Abortion is on the ballot Tuesday in Ohio – even though it’s not.
Buckeye Staters are voting on a measure that would raise the threshold for passing a state constitutional amendment to 60%, up from the current standard of a simple majority.
Should the ballot initiative pass, it means abortion rights advocates will have a much higher bar to clear in November when Ohioans will vote on a proposed constitutional amendment to enshrine abortion and general reproductive rights in the state constitution.
It’s all part of a power struggle in the states since last summer when the Supreme Court, in Dobbs v. Jackson Women’s Health Organization, overturned the Roe v. Wade ruling guaranteeing abortion rights, allowing states to ban it or specifically permit the procedure inside their own borders.
Since the Dobbs ruling, six states have voted on ballot measures on abortion, the most on record in a single year. In all cases, the anti-abortion forces lost: California, Michigan and Vermont enshrined abortion rights in their states. In Montana, voters rejected what was effectively a ban on abortion, and in Kansas and Kentucky, citizens voted down measures that said abortion rights were not guaranteed in the state constitution.
The issue remains politically potent, with pro-abortion rights Democrats ready to use the issue against Republicans this year and in 2024. A tracking poll by the nonpartisan Kaiser Family Foundation indicates Democrats have an edge: 42% of those polled in May said the Democratic Party best represents their own views on abortion, compared to about one fourth (26%) who say the Republican Party best represents their own views on abortion, the survey found.
Activists in five other states – Missouri, Florida, Iowa, Nebraska and South Dakota – are also working to get abortion-related referendums on state ballots, making the issue front and center in the presidential election year.
Pro-abortion rights forces in Ohio were hoping to follow that trend with a state constitutional amendment. Polling shows that a strong majority of Ohioans support abortion rights.
But the state legislature – which has passed a law virtually banning abortion, on hold while a court decides if it’s constitutional – fought back. It scheduled a special election for Aug. 8 for the referendum that would make it much harder for abortion rights supporters (who last month presented enough signatures to get their referendum on the ballot this fall) to prevail.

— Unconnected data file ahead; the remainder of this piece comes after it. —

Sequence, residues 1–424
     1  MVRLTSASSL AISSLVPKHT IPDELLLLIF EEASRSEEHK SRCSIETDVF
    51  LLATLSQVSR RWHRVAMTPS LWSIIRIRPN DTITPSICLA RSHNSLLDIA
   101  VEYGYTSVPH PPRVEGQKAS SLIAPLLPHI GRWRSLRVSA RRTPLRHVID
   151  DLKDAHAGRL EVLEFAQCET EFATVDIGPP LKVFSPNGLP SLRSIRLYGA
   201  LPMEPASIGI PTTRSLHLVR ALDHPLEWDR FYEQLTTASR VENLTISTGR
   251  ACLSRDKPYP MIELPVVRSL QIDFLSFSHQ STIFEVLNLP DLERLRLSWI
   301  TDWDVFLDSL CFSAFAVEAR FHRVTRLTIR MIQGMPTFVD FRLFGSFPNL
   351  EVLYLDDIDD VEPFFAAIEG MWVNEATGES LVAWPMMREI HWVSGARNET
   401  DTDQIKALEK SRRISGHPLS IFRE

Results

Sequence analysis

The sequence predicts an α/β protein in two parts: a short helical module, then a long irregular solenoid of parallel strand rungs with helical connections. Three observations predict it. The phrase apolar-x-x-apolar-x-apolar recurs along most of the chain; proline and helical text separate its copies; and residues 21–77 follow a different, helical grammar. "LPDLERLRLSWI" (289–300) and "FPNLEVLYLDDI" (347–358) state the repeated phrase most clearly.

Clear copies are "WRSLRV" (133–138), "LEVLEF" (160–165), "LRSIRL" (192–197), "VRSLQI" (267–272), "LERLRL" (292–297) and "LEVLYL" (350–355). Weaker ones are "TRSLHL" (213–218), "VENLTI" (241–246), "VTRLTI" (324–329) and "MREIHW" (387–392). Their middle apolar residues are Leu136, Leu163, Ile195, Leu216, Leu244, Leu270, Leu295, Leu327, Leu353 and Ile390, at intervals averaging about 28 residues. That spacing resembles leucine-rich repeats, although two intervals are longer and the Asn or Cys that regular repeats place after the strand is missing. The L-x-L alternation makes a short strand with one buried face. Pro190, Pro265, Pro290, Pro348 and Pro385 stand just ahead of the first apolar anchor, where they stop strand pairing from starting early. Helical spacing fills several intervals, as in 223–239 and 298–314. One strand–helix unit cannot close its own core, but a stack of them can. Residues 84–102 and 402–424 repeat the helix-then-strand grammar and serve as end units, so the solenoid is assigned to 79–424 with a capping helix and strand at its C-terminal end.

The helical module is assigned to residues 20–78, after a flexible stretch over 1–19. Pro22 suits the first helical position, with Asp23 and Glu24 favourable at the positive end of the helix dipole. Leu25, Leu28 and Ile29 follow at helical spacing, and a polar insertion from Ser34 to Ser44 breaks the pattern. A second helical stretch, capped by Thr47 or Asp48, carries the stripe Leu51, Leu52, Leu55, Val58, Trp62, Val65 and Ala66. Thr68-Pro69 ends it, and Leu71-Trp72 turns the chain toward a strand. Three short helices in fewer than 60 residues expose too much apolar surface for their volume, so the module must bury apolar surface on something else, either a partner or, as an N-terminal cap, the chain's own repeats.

That’s despite the fact that the same legislature in December passed a law eliminating August special elections (except for House nominations), on the premise that they are expensive and inconvenient for voters, resulting in low turnout. This year, state lawmakers adopted a resolution allowing this year’s August special election. A court challenge was rejected in June.
“Once they saw we were putting the signatures together” to get abortion rights on the ballot, “that’s when they started to bring back the [August] special election,” says Ana Martinez, senior campaign manager for the Ohio Women’s Alliance. Not only would Tuesday’s referendum hamstring efforts to secure reproductive rights, but “we’re going to spend $20 million of taxpayers’ money for this,” Martinez adds.
A recent USA Today/Suffolk University poll found that 58% of Ohioans support guaranteed access to reproductive services, while 32% oppose it. That’s enough to secure a win for abortion rights advocates in November – but not if the referendum passes on Tuesday, in a month where it’s harder to organize voters and get them to the polls.
For abortion foes, Tuesday’s initiative may be the only way to stop the November measure guaranteeing the right to abortion – and reversing a law passed by Ohio’s GOP-controlled legislature.
“If life doesn’t mean something – if life is just disposable – you undermine every issue,” says Father Frank Pavone, the national director of Priests for Life who advised former President Donald Trump’s campaign. Pavone says the November referendum also undermines parental rights by not explicitly excluding things like transgender therapies for minors under the “reproductive rights” category.
The ballot initiative is drawing fire and support on two separate issues – whether abortion should be allowed, and whether Ohio voters should have to assemble a supermajority to amend their own state’s constitution.
“It’s very anti-democratic and would make a major change in our constitution,” says Mia Lewis, associate director of Common Cause Ohio. “We have a proud history of majority rule in Ohio.” The referendum “would take away the right of citizens to access the ballot and put proposed constitutional amendments directly in front of voters,” Lewis adds.
Supporters say that amending the constitution shouldn’t be so easy.
“Our fundamental rights can be wiped away by corporate greed. Let’s set the bar at 60%,” says an ad produced by a group called Protect Our Constitution. Most of the group’s funding comes from a single individual who lives out of state, the Ohio Capital Journal reported.
Pavone notes that the U.S. Constitution can only be amended with supermajorities of Congress and the states. “Sometimes, the rights of the minority need special protections, too,” he says.
For the moment, abortion is legal in Ohio, up until 22 weeks gestation, while Ohio courts determine if the newly passed law, banning abortion after a fetal heartbeat can be detected, is constitutional.
Despite the off-year, off-month election, early voting has been heavy: As of Friday, 578,490 people had voted early or absentee, the secretary of state’s office reported, calling it “a dramatic increase in voter participation” compared to the last August special election in 2022.
Neither side said it could predict what will happen Tuesday, given the nature of the issue and the unusual timing.
That matter, at least, will be determined by whichever side gets a simple majority.